Mind The Gap, Cultural Gaps Destroying Traditional Brands.

I received a phone call at 11:12 a.m. no Monday, from an organization claiming to be Standard Chartered Bank, my business bank, asking some probing questions around the purpose, nature of my account. When they asked me a question of whether I used checks or not, it instantly triggered that maybe this is not Standard Chartered, mainly because I don’t use checks. Anyone that knows me knows that I tend to operate only in the digital domain, unless dragged into yesteryear against my own will. The representative then asked for my passport and my identity card numbers, even proceeded to ‘escalate’ the process when I asked ‘why?’. They line was it this was all in the matter of getting to know my business better, so they could serve me better.

I didn’t give up much information, but I called the Standard Chartered Small Business hotline immediately to report a potential fraud. While also doing that, I also grabbed my token. Yes, unfortunately here in Singapore, we still require tokens to check whether anything actually happened to my account. Nothing luckily.

As I was going through the call, I don’t think the customer service member quite got what I asking. I first mentioned the fraud saying that I’m not near my office. Hence, I can’t give my account number, I could give my card number. I can’t give her my company registration number right now, but I’m trying to report a potential fraud on my company account. The reason I don’t think she quite understood what I’m saying was because here her line of questions seemed peculiar, even though in the IVR I entered my identity, she asked for my identity again. Claiming she doesn’t receive it and couldn’t use it to find my company even though I’m listed as a director. Second to that, trying to report this fraud was near impossible. She outright refused to receive it unless I could provide an account number or a company registration number.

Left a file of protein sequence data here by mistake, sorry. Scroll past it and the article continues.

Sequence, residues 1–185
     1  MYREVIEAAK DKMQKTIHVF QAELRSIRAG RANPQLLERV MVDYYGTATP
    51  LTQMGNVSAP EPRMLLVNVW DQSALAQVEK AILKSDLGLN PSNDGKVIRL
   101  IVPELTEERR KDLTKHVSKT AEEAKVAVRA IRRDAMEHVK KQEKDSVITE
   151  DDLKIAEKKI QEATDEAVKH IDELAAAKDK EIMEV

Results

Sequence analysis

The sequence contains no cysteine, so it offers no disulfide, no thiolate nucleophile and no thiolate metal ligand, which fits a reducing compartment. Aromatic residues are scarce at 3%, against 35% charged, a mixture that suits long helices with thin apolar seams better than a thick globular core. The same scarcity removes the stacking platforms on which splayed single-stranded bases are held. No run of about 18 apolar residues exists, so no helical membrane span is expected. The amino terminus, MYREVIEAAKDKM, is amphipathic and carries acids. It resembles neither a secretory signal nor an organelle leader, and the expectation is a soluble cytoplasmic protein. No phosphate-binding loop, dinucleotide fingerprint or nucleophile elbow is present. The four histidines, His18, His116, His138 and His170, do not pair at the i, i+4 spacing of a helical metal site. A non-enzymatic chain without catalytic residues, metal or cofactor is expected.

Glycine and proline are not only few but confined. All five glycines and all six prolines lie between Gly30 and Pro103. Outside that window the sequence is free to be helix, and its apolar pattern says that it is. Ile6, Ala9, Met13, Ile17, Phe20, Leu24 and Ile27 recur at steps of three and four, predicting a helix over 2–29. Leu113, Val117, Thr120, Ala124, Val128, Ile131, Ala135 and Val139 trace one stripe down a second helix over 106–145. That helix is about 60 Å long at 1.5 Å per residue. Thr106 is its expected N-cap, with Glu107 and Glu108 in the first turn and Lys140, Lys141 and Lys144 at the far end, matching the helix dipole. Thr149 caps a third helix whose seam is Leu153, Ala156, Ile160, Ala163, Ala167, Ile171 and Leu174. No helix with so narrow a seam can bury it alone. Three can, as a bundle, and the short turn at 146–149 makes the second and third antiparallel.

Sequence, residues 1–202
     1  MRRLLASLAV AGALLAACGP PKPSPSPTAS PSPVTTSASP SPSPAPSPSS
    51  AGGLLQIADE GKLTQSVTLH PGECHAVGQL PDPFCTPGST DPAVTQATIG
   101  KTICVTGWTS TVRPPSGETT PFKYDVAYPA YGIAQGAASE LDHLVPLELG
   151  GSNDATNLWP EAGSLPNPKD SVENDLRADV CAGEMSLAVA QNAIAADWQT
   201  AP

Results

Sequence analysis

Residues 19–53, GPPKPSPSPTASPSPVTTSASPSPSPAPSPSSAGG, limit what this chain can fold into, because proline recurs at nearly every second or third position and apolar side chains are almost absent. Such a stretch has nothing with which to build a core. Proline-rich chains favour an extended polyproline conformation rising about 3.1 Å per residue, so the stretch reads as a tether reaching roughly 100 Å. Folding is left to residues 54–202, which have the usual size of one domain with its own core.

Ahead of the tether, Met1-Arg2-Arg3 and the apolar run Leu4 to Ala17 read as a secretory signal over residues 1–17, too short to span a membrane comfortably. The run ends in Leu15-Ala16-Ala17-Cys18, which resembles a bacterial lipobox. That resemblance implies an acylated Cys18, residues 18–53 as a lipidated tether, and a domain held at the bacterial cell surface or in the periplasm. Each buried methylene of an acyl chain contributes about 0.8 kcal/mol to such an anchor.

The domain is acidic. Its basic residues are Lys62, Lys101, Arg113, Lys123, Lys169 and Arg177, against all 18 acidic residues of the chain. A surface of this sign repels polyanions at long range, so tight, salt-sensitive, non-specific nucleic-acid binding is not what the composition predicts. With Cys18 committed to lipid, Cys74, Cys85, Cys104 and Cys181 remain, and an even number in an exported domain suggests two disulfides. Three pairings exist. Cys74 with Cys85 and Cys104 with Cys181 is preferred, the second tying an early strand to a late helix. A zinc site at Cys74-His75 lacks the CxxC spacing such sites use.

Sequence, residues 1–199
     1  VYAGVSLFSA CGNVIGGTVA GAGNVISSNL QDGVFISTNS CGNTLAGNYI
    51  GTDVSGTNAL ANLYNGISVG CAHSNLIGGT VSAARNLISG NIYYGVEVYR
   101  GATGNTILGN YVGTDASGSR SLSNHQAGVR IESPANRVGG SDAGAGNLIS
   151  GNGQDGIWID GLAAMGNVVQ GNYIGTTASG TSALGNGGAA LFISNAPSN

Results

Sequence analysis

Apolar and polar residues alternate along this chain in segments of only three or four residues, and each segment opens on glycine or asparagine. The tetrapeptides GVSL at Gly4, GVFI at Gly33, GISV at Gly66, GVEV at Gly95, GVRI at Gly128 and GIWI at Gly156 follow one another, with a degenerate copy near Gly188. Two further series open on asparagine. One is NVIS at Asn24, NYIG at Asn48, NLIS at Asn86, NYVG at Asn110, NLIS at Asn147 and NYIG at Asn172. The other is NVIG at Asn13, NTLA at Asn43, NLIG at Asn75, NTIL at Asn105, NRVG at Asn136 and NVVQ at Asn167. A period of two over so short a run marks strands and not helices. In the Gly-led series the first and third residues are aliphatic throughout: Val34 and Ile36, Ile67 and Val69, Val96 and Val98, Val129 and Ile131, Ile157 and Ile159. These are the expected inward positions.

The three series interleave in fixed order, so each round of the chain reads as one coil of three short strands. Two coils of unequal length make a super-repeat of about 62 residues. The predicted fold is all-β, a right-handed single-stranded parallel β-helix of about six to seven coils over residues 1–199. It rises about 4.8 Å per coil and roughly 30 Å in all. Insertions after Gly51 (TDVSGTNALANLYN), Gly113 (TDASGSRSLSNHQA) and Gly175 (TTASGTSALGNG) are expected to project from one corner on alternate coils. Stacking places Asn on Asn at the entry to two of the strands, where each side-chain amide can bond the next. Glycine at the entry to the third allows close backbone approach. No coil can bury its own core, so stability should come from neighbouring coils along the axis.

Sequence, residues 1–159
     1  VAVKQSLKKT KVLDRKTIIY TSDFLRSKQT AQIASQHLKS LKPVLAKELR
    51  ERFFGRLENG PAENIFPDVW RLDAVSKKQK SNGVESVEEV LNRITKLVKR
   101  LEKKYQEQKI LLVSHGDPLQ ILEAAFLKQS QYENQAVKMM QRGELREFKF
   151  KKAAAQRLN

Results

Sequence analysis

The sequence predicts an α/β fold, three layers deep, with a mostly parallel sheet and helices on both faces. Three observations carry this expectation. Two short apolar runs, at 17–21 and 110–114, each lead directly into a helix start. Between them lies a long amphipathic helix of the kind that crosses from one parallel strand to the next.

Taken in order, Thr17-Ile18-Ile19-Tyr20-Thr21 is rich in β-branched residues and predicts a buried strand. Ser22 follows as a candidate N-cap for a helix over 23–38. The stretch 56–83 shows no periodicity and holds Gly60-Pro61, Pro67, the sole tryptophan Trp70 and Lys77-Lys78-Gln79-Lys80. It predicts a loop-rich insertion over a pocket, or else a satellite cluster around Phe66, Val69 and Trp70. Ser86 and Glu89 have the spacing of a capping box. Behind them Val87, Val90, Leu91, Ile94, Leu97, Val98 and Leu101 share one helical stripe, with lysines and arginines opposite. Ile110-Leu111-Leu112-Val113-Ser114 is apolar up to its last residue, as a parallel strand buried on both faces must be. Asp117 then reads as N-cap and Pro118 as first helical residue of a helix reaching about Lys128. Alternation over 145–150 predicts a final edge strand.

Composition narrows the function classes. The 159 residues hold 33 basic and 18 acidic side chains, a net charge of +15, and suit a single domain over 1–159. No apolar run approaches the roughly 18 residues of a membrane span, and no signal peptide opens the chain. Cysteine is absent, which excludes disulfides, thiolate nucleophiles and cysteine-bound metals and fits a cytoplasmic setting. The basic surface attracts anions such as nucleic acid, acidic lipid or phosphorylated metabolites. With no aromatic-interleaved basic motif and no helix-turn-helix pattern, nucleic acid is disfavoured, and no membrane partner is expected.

Now I’m not sure how many of you guys actually carry around your company registration number in your pocket or your account number. In the digital era, I don’t need those, so I don’t carry them with me 24/7. Actually I’d see them as risks to carry them around, so in this case I didn’t actually have them with me. Luckily, luckily, luckily I actually happened to have access to my cloud storage to grab the last invoice the business had issued containing the account number. Once I gave her the account number or able to proceed with the potential fraud reporting, she flagged it on the account.

The Vasco Digipass issued to me by SCB

The Vasco Digipass issued to me by SCB

As a part of that process, I had also noticed that the token (the bane of my business banking life) has it’s own issues. Side note, If the monetary authority here in Singapore should do just one positive thing for business banking, it would be to remove the requirement for these stupid, idiotic tokens. The one that I carry is a  VASCO Digipass issued with SCB branding. It’s the worse possible device in terms of security, contextual awareness and verification. I know there’s big fans out of there, or the doomsday people that say we need this stuff, but there are far better alternatives that will have more insight, more dynamic identity and significantly reduce the risk.

The screen on my token had the infamous black bleed running through it, so I actually can’t read it anymore. I can’t log on. I can’t check that I’ve actually received payments. I can’t make any payments. A challenge for a business dependent on digital banking.